# Universal side divisor

## Definition

A nonzero element $x$ in an commutative unital ring $R$ is termed a universal side divisor if $x$ satisfies the following two conditions:

• $x$ is not a unit.
• For any $y \in R$, either $x$ divides $y$ or there exists a unit $u \in R$ such that $x$ divides $y - u$.

Equivalently, a non-zero non-unit element is a universal side divisor if and only if the unit balls centered around its multiples cover the whole ring.

### Equivalence up to associate classes

If $x,y$ are associate elements in a commutative unital ring $R$, then $x$ is a universal side divisor if and only if $y$ is a universal side divisor. For full proof, refer: Universal side divisor property is invariant upto associates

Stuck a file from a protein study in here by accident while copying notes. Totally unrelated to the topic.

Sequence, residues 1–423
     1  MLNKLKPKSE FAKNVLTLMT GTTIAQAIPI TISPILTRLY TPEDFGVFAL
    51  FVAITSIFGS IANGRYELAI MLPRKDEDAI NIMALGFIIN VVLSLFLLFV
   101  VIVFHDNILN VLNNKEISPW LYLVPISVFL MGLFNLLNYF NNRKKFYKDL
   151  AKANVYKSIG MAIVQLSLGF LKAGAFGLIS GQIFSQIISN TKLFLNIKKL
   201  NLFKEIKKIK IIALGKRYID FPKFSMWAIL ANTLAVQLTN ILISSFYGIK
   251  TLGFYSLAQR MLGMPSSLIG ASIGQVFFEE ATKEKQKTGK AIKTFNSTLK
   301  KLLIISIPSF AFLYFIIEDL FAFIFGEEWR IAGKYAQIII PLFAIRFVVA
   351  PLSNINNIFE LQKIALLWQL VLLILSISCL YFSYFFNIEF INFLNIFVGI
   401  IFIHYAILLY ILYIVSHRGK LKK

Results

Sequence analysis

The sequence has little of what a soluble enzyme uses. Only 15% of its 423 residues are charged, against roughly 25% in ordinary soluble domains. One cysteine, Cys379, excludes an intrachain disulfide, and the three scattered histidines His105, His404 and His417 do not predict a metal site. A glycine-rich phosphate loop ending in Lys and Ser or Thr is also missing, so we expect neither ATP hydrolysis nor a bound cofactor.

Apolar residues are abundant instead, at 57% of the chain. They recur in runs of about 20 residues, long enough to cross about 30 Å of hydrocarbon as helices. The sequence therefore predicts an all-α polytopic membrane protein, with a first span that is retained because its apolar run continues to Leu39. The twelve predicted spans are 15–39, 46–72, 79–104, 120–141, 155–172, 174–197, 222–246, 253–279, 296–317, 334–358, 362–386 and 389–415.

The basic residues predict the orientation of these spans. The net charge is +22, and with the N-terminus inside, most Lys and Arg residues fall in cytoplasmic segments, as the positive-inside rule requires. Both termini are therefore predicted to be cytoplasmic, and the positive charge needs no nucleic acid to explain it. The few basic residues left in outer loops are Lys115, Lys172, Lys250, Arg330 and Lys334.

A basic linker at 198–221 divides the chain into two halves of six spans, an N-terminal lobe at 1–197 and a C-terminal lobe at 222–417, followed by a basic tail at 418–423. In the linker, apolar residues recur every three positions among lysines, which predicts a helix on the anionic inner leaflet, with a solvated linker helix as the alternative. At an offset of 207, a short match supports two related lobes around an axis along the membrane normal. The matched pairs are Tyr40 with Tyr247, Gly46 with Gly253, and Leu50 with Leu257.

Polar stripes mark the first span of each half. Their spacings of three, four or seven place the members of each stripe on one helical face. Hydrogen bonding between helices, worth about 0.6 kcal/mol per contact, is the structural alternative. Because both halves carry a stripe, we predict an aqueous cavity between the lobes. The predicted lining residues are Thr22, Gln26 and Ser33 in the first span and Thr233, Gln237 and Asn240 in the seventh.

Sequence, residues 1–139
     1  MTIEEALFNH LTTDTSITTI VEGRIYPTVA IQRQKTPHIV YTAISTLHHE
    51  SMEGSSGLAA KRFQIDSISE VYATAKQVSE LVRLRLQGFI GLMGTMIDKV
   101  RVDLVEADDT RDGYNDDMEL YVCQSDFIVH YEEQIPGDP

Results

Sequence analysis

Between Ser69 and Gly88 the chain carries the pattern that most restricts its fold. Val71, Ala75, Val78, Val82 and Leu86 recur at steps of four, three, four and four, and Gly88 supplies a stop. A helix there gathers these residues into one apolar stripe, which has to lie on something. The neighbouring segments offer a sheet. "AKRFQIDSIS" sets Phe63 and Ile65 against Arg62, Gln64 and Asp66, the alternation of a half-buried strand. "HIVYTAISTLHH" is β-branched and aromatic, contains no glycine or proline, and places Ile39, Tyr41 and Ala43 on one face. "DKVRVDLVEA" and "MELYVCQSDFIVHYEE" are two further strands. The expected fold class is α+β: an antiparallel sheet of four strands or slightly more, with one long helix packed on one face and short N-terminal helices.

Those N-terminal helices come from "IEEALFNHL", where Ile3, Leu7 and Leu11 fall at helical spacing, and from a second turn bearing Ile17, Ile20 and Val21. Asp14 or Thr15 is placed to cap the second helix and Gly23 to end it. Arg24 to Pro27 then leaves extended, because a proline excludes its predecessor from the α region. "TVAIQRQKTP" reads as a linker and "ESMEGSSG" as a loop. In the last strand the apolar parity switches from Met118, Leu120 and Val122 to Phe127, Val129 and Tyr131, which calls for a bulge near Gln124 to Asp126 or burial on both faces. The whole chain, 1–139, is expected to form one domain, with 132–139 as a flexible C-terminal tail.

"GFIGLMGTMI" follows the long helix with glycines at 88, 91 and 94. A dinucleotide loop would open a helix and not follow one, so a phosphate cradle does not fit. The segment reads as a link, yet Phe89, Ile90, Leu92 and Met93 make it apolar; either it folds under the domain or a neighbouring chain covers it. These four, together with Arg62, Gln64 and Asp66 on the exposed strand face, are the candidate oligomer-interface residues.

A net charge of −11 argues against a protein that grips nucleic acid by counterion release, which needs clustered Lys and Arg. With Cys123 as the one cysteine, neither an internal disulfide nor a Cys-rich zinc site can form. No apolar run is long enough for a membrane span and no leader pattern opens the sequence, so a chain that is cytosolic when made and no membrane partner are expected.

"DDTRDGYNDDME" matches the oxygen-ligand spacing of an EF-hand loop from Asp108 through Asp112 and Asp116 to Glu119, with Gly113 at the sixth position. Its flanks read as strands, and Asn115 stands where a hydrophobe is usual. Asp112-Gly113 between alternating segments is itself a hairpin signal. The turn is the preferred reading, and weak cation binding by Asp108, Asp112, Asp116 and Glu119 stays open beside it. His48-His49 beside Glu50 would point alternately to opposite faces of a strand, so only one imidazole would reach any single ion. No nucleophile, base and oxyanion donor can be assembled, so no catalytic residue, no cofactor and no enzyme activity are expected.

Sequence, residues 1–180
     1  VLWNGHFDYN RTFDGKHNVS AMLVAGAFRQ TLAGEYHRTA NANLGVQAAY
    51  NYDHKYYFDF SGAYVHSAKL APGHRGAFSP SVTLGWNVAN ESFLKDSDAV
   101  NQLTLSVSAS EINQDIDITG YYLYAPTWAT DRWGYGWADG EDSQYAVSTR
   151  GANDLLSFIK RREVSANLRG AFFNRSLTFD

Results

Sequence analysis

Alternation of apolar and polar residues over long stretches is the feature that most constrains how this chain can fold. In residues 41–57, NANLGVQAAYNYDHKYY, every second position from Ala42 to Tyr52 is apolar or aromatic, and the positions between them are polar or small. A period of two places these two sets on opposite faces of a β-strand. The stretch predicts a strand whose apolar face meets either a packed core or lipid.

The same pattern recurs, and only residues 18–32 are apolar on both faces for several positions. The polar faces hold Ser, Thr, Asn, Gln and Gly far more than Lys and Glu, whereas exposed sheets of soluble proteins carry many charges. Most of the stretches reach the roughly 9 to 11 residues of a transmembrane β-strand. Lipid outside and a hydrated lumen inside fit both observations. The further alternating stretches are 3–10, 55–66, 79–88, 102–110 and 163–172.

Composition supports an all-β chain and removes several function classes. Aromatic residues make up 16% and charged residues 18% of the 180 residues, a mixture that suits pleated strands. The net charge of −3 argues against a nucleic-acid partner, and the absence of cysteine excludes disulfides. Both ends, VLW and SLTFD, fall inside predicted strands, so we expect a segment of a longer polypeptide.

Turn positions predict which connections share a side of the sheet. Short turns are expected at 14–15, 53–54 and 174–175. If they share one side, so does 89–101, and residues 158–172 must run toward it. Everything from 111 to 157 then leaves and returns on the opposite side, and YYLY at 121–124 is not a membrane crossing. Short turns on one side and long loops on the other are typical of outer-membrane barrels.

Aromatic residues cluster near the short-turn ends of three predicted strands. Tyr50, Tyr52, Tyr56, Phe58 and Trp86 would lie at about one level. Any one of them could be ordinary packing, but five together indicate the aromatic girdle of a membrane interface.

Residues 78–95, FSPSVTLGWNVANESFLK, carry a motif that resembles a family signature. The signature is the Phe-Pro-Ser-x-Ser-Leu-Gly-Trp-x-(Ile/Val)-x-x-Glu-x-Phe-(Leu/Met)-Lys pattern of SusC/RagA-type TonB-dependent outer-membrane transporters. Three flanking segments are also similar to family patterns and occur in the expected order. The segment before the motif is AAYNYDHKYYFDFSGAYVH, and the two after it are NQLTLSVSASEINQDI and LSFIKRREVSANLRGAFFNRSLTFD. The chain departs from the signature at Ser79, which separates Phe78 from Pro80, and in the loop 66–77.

## Examples

• In the ring of rational integers $\mathbb{Z}$, the only universal side divisors are $\pm 2, \pm 3$. $2$ is a universal side divisor because every integer is either a multiple of $2$ or differs by $1$ from a multiple of $2$. $3$ is a universal side divisor because every integer is either $0$, $1$, or $-1$ mod $3$. For any integer $n$ of absolute value greater than $3$, there is no way of subtracting a unit or zero from $2$ to get a multiple of $n$.
• In the polynomial ring over a field, the only universal side divisors are the nonconstant linear polynomials. For instance, in the ring $k[x]$, $x$ is a universal side divisor because for any polynomial, we can subtract the constant term of the polynomial to obtain a multiple of $x$, and the constant term is either zero or a unit. Similar reasoning applies for all the other nonconstant linear polynomials. On the other hand, for any polynomial of degree greater than $1$, there is no way of subtracting a unit from $x$ to get a multiple of that polynomial.